Experts from the National Oceanic Atmospheric Administration, the Fish and
Wildlife Service and the Coast Guard walked the perimeter of the Midway
Islands yesterday and found no pollution or soiled animals following a small
oil spill, the Coast Guard said.
"Diesel is a very thin oil. What was spilled quickly burned away," said
Coast Guard spokesman Lt. John Titchen, adding that there were no signs of
pollution in the water.
Officials originally estimated that about 2,600 gallons of fuel spilled from
the Japanese long-line fishing vessel Kotobuki Maru No. 38 on Thursday
evening while the ship was attempting to deliver an injured crew member to
The owner of the vessel, Kabushiki Kaisha Fujiei Shoten, has hired ECM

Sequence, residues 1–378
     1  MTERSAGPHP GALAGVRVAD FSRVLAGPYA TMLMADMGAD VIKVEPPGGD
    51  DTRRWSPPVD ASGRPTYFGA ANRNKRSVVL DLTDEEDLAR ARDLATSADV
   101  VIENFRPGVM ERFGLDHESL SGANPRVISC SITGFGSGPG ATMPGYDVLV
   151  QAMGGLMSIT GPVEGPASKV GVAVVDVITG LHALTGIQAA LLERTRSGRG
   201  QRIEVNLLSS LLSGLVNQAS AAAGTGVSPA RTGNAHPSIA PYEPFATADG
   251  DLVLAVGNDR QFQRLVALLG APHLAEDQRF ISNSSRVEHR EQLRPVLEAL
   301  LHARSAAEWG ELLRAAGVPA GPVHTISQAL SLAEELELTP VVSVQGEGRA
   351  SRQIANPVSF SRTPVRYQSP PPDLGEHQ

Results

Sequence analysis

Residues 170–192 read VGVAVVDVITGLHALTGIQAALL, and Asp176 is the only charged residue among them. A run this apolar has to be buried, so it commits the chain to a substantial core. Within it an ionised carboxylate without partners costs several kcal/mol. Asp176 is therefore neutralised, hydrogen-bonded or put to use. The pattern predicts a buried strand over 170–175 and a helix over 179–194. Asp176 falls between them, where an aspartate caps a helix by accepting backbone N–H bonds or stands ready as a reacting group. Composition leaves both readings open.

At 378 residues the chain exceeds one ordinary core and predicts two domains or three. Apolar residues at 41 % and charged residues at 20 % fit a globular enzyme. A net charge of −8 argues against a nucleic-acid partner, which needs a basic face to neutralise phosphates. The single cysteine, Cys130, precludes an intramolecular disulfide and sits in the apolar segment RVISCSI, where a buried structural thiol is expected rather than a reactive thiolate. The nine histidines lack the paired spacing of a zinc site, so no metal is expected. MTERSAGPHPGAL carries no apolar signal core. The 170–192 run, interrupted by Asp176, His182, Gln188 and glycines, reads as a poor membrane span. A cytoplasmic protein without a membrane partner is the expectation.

Maritime Services, a subsidiary of Pacific Environmental Company, to assist
with the cleanup as required by federal law, Titchen said.
A containment boom was placed around the vessel at the pier at Midway Harbor
while crews begin repairs to the hull. Divers yesterday found the hull
sustained three 3-inch holes after apparently hitting an obstruction near
the entrance to the channel, a Coast Guard news release said.
The amount of fuel remaining in the vessel was undetermined and the cause of
the leak was still under investigation.
"That's our main order of business right now, that while they're making
repairs to the boat that there's no potential threat to the environment,"
The vessel's owners are working with the Fish and Wildlife Service and Coast
Guard to determine when the vessel will be safe to depart from Midway.
The spill occurred in the Midway Atoll National Wildlife Refuge and the
Northwestern Hawaiian Islands Marine National Monument, where endangered
Hawaiian monk seals, sea turtles and the world's largest nesting population
of Laysan and black-footed albatrosses live.